Books Forever

Stephen DeAngelis

October 24, 2008

Librarians, by nature (or at least by reputation), are conservative people. The stereotype is Meredith Wilson’s “Marion the librarian” in his musical The Music Man. Librarians also have a very long time horizon when it comes to literature. They think in thousands of years, not just hundreds of years. When it comes to preservation, taking a long view and a conservative approach are probably good things. Many librarians are cooperating with Google and its “Library Project” to scan and preserve books electronically. But they understand that Google is a business and businesses come and go. Should Google fail, they don’t want Google’s Library Project to fail with it. As a result, a group of libraries has partnered to create a backup for the Library Project [“An Elephant Backs Up Google’s Library,” Miguel Helft, New York Times, 13 October 2008].

“Google often says that it likes to take the long-term view of things. But Google’s idea of long term does not appear to be long enough for some librarians, who tend to equate long term with forever, at least when it comes to preserving books. … A group of major libraries that are participating in Google’s Library Project said they are working together to create what amounts to a publicly accessible backup of the digital library that Google is creating. The project, which is called the HathiTrust, includes libraries at 12 Midwestern universities like the University of Michigan, the University of Iowa and the University of Illinois, plus the 11 libraries of the University of California system. (Hathi is Hindi for ‘elephant,’ an animal that is said to never forget.)”

While true antique book collectors know that nothing will ever replace the feel and beauty of an ancient text, lovers of language and knowledge believe that content is the true treasure contained between a book’s covers. Imagine how much richer the world would be if the contents of the library at Alexandria had not been lost. Preserving content is what Google’s project is all about.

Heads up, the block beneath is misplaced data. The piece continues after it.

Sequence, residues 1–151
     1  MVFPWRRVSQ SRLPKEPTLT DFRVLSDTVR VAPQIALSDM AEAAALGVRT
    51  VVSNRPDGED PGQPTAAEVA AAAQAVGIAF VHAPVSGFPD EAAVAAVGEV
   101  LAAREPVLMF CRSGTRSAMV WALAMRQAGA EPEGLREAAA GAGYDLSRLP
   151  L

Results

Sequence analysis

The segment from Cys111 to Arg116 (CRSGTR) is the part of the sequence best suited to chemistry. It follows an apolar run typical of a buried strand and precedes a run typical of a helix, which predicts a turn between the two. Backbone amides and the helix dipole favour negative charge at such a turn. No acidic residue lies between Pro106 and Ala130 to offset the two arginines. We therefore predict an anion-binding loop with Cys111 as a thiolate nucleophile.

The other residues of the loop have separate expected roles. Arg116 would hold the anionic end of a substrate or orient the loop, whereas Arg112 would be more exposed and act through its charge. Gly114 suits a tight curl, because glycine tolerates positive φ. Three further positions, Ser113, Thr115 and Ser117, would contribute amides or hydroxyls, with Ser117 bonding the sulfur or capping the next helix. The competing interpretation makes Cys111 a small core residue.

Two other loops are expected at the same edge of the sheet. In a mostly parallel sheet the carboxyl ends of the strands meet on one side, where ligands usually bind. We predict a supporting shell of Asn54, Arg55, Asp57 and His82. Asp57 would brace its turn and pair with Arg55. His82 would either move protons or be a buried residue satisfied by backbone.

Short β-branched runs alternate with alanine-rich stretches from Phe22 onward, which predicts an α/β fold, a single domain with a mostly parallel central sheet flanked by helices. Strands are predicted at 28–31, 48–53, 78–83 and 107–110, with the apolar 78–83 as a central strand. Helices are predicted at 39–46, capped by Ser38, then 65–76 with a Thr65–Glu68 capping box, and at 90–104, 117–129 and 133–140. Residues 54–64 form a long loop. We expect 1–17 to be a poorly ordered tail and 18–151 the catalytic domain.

“In the Google Books Library Project, the Internet giant has been scanning the collections of several large libraries. The company gives users access to the complete text of books that are in the public domain, and to snippets of books that are protected by copyrights. Google also gives each library a copy of the books it digitized from that library.”

These copies form the foundation of the HathiTrust.

“‘Google is an excellent partner,’ Paul Courant, university librarian and dean of libraries at the University of Michigan, said in an interview. ‘They are a corporation with a responsibility to its stockholders. Google could last 50 years, 100 years, 1,000 years. We are academic institutions with a commitment to the preservation and use of scholarship and the scholarship record for the indefinite future.’ Mr. Courant said that the majority of the 2 million or so volumes already in HathiTrust were digitized by Google. HathiTrust also includes fragile and hard-to-find books that the libraries have digitized on their own, he said. HathiTrust is an agreement by several of those libraries — but not all of them — to pool their digital copies into one giant database that will be accessible online. It will not make snippets of copyrighted works available, as some authors and book publishers said that amounts to copyright violations, but will allow users to search those texts.”

Although it sounds like the HathiTrust is trying to compete with Google, Courant insists that is not the group’s intention.

“‘I am hoping others will join, and I am hoping that we will be a destination for hundreds of thousands of people on the Web,’ Mr. Courant said. ‘Google will probably be better than we are at large-scale consumer applications.’ But Mr. Courant said that for some services aimed at scholars ‘we’ll be as good or better than them at that.'”

In a previous post [When does Connectivity Narrow Thinking?], I focused on studies that have raised concerns about the fact that the more information that becomes available on the web the fewer number of sources that scholars seem to use. It will be interesting to see what happens to scholarship when millions of texts become available online. All researchers face one question: when do you stop researching and start writing? This conundrum will only increase as the contents of more and more libraries become available online. Nevertheless, I have to believe that making more data available to more people has to be a good thing. Such access to the world’s best books could stimulate the thinking of the next Einstein in some remote corner of the world — one never knows. One thing I do know, however, is that connectivity and access to information can change the world.